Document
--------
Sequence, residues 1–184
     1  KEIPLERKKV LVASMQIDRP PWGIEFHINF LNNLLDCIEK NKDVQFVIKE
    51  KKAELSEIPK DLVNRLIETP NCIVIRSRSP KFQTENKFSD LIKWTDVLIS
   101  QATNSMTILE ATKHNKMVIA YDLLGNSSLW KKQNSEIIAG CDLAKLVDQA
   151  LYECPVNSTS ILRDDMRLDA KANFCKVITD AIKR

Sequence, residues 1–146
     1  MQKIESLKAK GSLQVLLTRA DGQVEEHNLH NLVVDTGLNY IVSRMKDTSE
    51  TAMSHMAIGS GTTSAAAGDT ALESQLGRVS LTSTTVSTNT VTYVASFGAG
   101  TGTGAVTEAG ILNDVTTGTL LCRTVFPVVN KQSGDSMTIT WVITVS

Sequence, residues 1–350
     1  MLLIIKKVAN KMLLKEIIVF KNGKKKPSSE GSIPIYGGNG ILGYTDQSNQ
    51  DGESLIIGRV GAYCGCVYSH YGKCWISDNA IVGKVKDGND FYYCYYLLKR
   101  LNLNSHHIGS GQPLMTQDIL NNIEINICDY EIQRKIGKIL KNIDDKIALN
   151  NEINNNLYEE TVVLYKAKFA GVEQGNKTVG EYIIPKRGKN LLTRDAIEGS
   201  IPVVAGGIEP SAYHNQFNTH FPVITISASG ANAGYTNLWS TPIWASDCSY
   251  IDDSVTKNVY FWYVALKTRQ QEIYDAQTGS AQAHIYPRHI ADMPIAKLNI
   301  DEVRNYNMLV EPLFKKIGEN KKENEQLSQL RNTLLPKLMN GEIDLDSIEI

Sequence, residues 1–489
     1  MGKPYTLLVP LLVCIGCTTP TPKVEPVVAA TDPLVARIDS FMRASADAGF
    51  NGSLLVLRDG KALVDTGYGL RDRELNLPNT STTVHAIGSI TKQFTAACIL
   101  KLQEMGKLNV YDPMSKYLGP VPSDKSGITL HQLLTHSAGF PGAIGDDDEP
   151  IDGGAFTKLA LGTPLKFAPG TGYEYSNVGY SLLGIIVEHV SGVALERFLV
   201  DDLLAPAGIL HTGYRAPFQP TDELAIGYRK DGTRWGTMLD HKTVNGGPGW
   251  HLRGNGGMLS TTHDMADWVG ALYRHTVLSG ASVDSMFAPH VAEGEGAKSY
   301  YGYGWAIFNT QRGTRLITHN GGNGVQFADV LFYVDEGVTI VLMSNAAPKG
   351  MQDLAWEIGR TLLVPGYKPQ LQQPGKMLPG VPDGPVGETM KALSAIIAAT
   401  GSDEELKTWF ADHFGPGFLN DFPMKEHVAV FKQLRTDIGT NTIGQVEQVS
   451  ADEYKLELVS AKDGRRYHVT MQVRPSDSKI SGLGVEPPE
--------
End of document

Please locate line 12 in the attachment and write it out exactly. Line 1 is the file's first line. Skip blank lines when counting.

    51  DGESLIIGRV GAYCGCVYSH YGKCWISDNA IVGKVKDGND FYYCYYLLKR